Additionally, there are significant costs to serve – part of any business overheads. Many employees won’t see this as a personal benefit, but for self-employed coaches it’s very much a personal cost. Despite the coach being the core asset of their business, ongoing professional costs can be substantial (see Table 1) and let’s not forget our original expenditure to train as a professional coach which might be anything from £2,500 to £10,000.

If we are going to calculate a market rate comparison, we need to consider:

S = market salary (basic pay)

B = additional benefits (eg, pension, paid holiday, bonus)

W = days available for work

I = set up costs

C = ongoing costs

Perhaps a formula:

Daily Fee =

(S +B+I +C)


This might give us a daily rate, from which we might expect to work with 2-3 clients; each session being 90-120 minutes duration (though we realise many coaches offer shorter sessions) with time in between to refresh, restore. So to get to a sessional fee we would divide the daily fee by, say 2.5.

Alternatively, we could look at this from the other end of the telescope by examining the return on investment (ROI) that our clients are likely to gain. Price according to value rather than cost if you like. ROI studies for coaching are usually carried out in an organisational context, so this may not apply for private coaching. But if we look at those studies, we see something like this:

  • Coaching greatly accelerates the rate at which an individual learns and contributes from their learning. Studies have shown training alone changes behaviour by 20% and training followed by coaching changes behaviour by 88% (Olivero, Bane & Kopelman, 1997)
  • “Coaching has a 2x greater impact on business results (productivity, engagement, etc.) vs. paying for performance” (Bersin & Associates, 2011)
  • Coaching gives a conservative $100,000 financial benefit, with 28% of respondents indicating over $500,000 (Lore Research, 2002)
  • “The vast majority (86%) of those able to provide figures to calculate company ROI indicated that their company had at least made their investment back. In fact, almost one fifth (19%) indicated an ROI of at least 50 (5,000%) times the initial investment while a further 28% saw an ROI of 10 to 49 times the investment. The median company return is 700% indicating that typically a company can expect a return of 7 times the initial investment” (PWC/ICF (International Coaching Federation) Global Coaching Study, 2009).

“How much am I/the value I bring worth?” is subjective and may depend on the coach’s confidence in themselves – too much and a coach may inflate their fee inappropriately; too little and they may be selling their services cheap. But if we were to use a value pricing model, might we charge 700% of our costs and time to match the 700% ROI noted above?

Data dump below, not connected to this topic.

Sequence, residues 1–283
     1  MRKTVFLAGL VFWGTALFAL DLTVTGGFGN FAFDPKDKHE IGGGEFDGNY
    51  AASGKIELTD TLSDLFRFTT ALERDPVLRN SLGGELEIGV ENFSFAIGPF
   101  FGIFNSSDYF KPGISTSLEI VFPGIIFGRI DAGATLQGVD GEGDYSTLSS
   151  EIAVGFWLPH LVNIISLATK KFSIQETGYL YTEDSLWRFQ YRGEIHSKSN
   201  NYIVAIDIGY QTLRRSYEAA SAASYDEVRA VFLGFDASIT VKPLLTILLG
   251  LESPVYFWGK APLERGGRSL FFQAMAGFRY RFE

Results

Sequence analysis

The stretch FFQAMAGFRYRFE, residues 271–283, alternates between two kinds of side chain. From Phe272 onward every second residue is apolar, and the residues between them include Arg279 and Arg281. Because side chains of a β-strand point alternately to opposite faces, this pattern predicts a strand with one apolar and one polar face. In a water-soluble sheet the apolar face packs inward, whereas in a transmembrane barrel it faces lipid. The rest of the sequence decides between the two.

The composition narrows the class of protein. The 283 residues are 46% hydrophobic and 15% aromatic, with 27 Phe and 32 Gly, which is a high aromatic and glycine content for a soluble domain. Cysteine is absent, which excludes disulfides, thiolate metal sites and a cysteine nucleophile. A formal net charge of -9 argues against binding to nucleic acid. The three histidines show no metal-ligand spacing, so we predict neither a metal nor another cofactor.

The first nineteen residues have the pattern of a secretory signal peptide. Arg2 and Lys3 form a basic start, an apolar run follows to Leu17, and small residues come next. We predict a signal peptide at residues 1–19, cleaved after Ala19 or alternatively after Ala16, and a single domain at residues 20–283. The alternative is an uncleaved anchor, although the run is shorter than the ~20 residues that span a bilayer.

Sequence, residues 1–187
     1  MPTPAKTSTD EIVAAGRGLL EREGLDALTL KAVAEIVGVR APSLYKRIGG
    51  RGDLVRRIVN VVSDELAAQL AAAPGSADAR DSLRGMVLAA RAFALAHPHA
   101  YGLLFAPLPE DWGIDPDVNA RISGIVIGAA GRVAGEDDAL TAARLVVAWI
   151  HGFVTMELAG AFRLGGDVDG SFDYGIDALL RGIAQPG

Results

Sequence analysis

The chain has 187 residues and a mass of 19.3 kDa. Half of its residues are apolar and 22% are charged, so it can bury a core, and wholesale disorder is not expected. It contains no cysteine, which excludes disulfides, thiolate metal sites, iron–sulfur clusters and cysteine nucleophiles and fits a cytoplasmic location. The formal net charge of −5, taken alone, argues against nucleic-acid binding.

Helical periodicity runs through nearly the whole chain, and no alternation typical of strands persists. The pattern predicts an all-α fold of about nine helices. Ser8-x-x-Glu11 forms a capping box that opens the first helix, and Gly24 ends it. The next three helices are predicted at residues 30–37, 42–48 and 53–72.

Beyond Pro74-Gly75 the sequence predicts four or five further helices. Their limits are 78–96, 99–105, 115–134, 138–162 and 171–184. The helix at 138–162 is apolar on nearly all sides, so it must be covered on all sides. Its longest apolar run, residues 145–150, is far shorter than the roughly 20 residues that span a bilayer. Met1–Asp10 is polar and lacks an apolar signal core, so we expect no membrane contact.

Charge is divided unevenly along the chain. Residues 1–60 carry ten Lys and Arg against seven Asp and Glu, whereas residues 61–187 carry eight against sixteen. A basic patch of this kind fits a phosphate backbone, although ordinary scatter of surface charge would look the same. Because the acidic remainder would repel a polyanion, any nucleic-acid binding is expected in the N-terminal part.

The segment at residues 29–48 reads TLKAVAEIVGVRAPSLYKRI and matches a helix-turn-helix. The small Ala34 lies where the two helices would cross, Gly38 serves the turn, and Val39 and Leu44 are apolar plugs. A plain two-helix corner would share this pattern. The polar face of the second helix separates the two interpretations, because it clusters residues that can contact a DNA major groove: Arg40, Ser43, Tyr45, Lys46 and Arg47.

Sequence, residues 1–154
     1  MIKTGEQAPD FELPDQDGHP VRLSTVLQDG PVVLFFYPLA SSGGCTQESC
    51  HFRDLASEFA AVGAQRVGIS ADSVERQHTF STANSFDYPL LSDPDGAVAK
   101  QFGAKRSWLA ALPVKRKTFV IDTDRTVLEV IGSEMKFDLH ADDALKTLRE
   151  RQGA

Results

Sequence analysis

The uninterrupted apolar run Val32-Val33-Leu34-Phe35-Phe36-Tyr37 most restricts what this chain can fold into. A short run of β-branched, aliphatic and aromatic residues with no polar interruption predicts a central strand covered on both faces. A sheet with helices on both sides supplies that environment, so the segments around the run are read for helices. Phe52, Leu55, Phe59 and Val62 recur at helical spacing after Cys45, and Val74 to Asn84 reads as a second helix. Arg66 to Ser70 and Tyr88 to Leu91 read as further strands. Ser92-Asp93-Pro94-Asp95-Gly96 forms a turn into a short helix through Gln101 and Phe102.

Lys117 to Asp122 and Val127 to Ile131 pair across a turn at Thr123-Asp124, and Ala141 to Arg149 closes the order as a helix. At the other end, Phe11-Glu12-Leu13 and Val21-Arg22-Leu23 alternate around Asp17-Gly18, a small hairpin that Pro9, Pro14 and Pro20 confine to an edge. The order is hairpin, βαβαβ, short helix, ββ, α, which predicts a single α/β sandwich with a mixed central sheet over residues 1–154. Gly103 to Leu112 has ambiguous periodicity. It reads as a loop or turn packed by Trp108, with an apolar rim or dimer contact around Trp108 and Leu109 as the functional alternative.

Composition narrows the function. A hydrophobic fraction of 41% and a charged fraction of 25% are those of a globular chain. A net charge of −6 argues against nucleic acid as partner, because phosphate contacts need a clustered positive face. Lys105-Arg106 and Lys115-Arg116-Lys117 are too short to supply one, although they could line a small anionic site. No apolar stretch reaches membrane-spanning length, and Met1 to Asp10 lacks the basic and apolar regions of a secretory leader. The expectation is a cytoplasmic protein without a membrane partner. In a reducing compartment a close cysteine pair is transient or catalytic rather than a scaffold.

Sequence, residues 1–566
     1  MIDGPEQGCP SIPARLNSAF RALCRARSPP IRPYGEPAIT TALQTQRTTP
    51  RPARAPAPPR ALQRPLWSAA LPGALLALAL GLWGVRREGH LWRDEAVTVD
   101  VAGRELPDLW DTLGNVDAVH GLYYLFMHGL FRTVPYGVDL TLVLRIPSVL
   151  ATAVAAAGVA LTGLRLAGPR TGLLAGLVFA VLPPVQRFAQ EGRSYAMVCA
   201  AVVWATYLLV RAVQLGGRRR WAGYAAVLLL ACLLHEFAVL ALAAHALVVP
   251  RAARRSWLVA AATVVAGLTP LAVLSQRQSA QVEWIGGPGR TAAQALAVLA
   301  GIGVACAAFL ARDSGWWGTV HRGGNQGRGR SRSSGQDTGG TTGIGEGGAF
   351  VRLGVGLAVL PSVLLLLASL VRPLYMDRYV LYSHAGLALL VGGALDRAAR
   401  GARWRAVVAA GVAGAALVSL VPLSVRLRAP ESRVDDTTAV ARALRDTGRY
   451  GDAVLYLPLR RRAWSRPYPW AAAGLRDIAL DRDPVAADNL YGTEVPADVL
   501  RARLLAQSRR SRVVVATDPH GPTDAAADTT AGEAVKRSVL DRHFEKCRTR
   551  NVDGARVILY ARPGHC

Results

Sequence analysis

A simpler way might be to look at the Return on Expectations, where the client approximates the perceived value of the service provided. This might take us to some interesting pricing discussions around time saved, operational efficiencies made, value added.

It’s easy to see why we are struggling to clarify fee rates in our coaching community. We’re not saying every coach needs a matrix of 50 + price points, but we do need to identify our target market and price accordingly. Our argument is that despite this being an unregulated market, it would be incredibly useful to coaches if there were some benchmark figures against which to set their pricing strategy. As we identified earlier in this article, there are at least nine variables that would need to be accounted for. To manage this complexity, we would need to involve organisations who understand how to simplify the vagaries of compensation.

We would like to encourage the coaching bodies to embark on such a benchmarking study. Before we get to that point though, we will look at the variables for team coaching in the next article in this series.




  • Association for Coaching, UK Coaching Rates 2004
  • C Mann, 6th Ridler Report, London: Ridler & Co, 2016
  • G Olivero, D Bane and R Kopelman, “Executive coaching as a transfer of training tool”, in Public Personnel Management, 26(4), 1997
  • Bersin & Associates, High-Impact Performance Management: Part 1 – Designing a Strategy for Effectiveness, 2011
  • P S Wise and L S Voss, The Case for Executive Coaching, Lore Research Institute, 2002
  • PWC/International Coaching Federation, Global Coaching Study, 2009


Table 1: Setting up a coaching business – Costs to consider*